Viewpoint: Why Fintechs Want More Regulation
The common understanding in the payments industry is that, as bank regulators gradually inch their way toward regulating financial technology companies that transact banking, lending, and payments, the fintech companies are retreating, trying to move as far from those regulators as possible, for as long as possible. The industry narrative is that, when the regulatory heat eventually gets too high, the fintechs will change business models, or combine with other companies, or seek to be acquired by the very banks they now compete against.
But we are now seeing evidence that this scenario may differ for some fintechs. Some industry participants believe that there actually may be business benefits that come from being regulated. Call it “competitive advantage through regulation.”
Exhibit A is Circle Internet Financial, and it is not the only fintech thinking along these lines.
As reported in the Wall Street Journal, Circle—a Boston-based digital payments company—is seeking a national charter from the Office of the Comptroller of the Currency. Circle’s position, as indicated in the article, is that having a license would actually make it easier for the firm to do business on a national scale.
Circle’s charter request, along with the OCC’s willingness to consider it, marks a meaningful inflection point in the fintech-regulator discourse, which had previously pitted banks and banking associations against fintechs, with each group trying to push the attention of the regulators toward the other.
For some time, banks have presented a detailed argument for increased oversight and regulation of fintechs and other alternate financial services providers. In the banks’ view, while banks and fintechs are subject to regulations established by the Gramm-Leach-Bliley Act, those regulations are administered by two different groups: the Federal Trade Commission for fintechs and myriad regulatory agencies (CFPB, FinCEN, FFIEC, and others) for banks. The bankers argue that both sets of financial service providers collect and transfer sensitive account and personal data, but that the banks are encumbered by privacy and data security regulations much more stringent than those governing fintechs. The result, say the banks, is that fintechs receive a regulatory light touch, which leads to an unfair competitive playing field.
The Journal quotes Circle’s CEO Jeremy Allaire saying that the effort to obtain a federal license “is appealing, both because of our long-term strategy, but also because it takes a lot of the cost and complexity of working with many third-parties out of the equation.” You read that correctly: Regulation as business simplification.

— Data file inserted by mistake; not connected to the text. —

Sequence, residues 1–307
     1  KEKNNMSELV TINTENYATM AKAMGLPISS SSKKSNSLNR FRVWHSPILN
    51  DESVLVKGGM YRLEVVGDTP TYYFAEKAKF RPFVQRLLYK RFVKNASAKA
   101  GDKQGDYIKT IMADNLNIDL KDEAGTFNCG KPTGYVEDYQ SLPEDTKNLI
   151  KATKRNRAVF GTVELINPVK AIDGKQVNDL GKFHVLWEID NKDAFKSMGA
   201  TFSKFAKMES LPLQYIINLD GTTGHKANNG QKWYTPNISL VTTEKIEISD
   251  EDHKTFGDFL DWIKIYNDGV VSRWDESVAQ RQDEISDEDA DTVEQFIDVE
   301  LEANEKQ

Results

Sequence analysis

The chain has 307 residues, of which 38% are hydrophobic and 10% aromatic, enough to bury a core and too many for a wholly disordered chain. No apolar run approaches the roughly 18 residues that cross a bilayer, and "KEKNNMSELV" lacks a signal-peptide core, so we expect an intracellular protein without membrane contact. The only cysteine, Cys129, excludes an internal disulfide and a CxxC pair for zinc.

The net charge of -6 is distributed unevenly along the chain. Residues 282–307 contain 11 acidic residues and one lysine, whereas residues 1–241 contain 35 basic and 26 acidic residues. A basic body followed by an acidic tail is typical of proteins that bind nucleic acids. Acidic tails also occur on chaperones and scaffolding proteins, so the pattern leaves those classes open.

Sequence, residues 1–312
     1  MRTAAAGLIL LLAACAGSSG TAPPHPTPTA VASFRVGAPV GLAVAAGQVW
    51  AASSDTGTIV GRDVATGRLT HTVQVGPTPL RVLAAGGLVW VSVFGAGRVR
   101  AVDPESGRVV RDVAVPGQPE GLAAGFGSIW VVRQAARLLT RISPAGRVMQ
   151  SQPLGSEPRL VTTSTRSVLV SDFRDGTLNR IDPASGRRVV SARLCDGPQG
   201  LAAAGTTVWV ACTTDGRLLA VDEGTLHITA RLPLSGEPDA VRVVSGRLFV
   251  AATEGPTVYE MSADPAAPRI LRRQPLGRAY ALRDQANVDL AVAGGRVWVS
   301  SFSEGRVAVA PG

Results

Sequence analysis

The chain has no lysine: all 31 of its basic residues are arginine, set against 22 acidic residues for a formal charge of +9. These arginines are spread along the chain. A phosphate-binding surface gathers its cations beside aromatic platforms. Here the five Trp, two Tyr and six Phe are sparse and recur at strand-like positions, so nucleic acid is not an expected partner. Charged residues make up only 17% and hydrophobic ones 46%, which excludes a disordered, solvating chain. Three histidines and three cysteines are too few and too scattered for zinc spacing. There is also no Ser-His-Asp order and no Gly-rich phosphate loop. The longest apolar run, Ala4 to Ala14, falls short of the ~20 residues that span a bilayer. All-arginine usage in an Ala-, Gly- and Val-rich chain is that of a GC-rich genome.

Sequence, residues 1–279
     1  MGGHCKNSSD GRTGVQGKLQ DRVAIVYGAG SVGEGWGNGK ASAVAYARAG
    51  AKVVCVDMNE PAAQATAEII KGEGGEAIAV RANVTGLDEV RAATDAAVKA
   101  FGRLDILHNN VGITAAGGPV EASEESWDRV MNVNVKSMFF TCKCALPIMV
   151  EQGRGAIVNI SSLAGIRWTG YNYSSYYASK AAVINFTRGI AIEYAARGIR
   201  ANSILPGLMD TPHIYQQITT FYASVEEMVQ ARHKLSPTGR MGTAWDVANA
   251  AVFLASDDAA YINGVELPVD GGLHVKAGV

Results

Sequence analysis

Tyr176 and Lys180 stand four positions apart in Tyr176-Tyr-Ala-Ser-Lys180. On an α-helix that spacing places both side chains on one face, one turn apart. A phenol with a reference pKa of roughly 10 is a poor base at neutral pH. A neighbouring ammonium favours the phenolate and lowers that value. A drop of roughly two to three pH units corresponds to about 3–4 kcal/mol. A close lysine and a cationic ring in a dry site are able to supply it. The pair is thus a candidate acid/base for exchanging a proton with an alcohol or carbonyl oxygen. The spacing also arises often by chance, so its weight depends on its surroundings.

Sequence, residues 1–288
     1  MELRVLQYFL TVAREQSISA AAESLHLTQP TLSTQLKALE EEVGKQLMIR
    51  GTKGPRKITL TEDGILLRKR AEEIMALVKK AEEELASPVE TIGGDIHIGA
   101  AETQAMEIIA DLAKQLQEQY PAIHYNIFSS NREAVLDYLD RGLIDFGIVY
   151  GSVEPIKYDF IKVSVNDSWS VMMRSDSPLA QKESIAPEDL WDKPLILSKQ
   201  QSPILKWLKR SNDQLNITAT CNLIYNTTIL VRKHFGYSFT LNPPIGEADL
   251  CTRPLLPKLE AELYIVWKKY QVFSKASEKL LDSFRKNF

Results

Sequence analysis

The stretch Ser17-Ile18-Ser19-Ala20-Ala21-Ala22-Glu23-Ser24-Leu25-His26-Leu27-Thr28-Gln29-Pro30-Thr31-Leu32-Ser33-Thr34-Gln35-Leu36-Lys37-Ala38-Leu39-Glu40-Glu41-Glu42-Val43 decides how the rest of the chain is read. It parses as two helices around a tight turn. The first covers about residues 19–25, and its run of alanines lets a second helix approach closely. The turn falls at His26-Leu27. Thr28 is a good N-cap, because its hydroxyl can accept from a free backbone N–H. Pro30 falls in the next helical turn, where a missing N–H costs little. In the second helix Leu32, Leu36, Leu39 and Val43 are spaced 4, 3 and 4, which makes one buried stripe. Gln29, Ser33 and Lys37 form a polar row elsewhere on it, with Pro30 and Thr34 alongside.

Circle had previously obtained a virtual currency license in New York State and in the U.K.. Receiving an OCC national charter would simplify the company’s effort in having to work state-by-state to obtain a series of licenses.
New York State has been particularly progressive in developing bitcoin transaction licenses for fintechs, having issued its first one (to Circle) last fall. New York’s Department of Financial Services, which has jurisdiction over licensing, has received 26 license applications from fintechs. To date, it has denied two applications and has granted four, including a license to a Ripple subsidiary in June.
The takeaway is that the general fintech community general may be increasingly comfortable with the need to come to terms with banking regulations, with some fintechs taking the progressive stance of seeking out regulation for business advantages. If Circle receives a national charter from the OCC, and other fintechs follow suit, it would meaningfully alter the competitive landscape between banks and fintechs. Stay tuned.
As ACI practice lead, Ian Rubin analyzes the complex and quickly developing transformational changes in the retail financial services industry, assesses their impact to the banking and payments ecosystem, and communicates this information through the development of business models and value propositions to ACI’s strategic clients, and to ACI’s sales and product development teams.
In Viewpoints, payments professionals share their perspectives on the industry. Paybefore presents many points of view to offer readers new insights and information. The opinions expressed in Viewpoints are not necessarily those of Paybefore.